* * *

It was a great little run of gigs. I feel quite lucky to be able to work with so many interesting people. And if sometimes being the oldest on stage is a bit of a bittersweet experience (I guess I ought to get used to it as “As Time Goes By”), it is certainly encouraging for the future of the music. From long time residents (like drummer Kevin Dorn, born in Manhattan about 30 years ago – his band, the Traditional Jazz Collective, gigs all over town) to those newly arrived, NYC is still, as ever, a magnet for young, ambitious, and hardworking people. A few of the young “immigrants:” trombonist Emily Asher, transplanted from Washington state for a couple of years to get her Masters degree; trumpeter Gordon Au, from California (I should mention Gordon’s very musical family: brothers Justin and Brandon are fine players who have blown with the Titans in Pismo Beach CA, and Uncle Howard Miyata plays a mean tailgate trombone with High Sierra Jazz Band); young trombonist Matt Musselman from Maryland, a recent graduate of Manhattan School of Music, and one of my subs in the Nighthawks (his band is called Grandpa Musselman and His Syncopators); and trumpeter/vocalist Bria Skonberg, due to arrive any second now. There is most definitely a youth movement going on! I wouldn’t know how to advise these young people about putting together an actual living in NYC: this is one tough town to pay your bills in – but somehow they are doing it. Perhaps I should ask them for advice! The total take from my 6 gigs (minus the expenses) will buy a few bags of groceries, pay back the loan for a couple of textbooks for my younger daughter’s college degree, with about $1.13 left for my pension contribution. Guess I can’t retire yet. I’ll get up tomorrow and go off in search of more students and gigs. I know one musician who was heard to say: “Retire! How can I retire? I’ve never had a job!”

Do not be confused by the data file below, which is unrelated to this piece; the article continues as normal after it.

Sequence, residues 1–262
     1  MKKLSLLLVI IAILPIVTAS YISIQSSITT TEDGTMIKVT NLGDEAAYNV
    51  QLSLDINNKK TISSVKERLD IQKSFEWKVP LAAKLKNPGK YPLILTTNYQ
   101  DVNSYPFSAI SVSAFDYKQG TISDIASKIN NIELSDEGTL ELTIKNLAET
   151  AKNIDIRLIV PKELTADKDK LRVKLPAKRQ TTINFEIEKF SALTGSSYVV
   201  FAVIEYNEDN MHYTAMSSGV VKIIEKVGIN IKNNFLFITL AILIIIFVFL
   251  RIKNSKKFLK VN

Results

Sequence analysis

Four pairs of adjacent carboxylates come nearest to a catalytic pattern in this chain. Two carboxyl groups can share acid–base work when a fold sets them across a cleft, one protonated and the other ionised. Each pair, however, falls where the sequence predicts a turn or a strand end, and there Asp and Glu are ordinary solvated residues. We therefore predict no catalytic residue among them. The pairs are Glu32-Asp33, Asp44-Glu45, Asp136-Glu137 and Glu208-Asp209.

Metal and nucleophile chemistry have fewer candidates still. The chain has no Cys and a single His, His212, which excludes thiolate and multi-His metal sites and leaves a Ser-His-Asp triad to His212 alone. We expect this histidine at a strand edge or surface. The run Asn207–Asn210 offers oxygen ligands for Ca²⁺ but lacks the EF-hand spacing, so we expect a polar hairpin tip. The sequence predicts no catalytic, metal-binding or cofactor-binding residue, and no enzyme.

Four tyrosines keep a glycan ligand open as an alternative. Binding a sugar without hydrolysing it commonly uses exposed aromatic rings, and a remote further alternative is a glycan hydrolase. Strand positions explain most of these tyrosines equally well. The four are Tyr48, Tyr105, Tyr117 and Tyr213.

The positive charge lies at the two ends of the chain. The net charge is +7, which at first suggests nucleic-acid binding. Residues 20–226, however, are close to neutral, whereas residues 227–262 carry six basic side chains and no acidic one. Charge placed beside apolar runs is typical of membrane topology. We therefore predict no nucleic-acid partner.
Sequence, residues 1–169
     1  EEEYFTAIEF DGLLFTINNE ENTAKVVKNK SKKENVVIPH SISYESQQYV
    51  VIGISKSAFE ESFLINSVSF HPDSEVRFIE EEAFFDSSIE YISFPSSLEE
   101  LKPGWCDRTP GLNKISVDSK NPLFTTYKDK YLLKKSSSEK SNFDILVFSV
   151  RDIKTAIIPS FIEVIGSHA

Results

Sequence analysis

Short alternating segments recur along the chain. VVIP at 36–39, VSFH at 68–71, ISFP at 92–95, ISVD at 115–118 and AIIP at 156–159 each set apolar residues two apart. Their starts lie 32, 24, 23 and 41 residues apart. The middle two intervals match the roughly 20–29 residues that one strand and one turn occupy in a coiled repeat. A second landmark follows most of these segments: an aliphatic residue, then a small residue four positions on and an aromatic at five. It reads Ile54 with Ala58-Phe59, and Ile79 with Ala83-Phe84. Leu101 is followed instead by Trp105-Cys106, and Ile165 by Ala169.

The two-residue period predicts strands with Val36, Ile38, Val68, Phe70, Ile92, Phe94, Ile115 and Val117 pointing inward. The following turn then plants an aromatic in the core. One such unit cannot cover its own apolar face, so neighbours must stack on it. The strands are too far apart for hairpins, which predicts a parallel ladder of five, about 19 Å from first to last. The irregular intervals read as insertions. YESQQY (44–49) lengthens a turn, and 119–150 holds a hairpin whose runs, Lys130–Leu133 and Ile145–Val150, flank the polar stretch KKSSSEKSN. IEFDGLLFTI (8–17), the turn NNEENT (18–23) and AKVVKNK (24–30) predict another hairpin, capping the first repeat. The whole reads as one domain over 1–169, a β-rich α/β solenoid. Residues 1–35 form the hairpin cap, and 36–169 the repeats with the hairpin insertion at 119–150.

I would be remiss if I didn’t also tip my cap to the folks around here who have been promoting the classic jazz scene for many years, such as: Bruce McNichols, musician, impresario, and radio OKOM producer; Jack Kleinsinger, whose “Highlghts In Jazz” series has run for 37 years; the Sidney Bechet Society, which puts on fine concerts in Manhattan; New Jersey folks like Bruce Gast & the New Jersey Jazz Society; Connecticut jazzers who put together the Hot Steamed Festival and the Great Connecticut Traditional Jazz Festival; & radio hosts such as Rich Conaty on WFUV-FM and Phil Schaap on WKCR-FM. Youth combined with Experience will carry the day for the music we love!

Jim Fryer

August 2010

For more info:  www.jfryer.com, www.terrywaldo.com, www.blissblood.com, www.myspace.com/vincegiordanothenighthawks, http://www.ostwaldjazz.com/., www.coolcatjazz.info,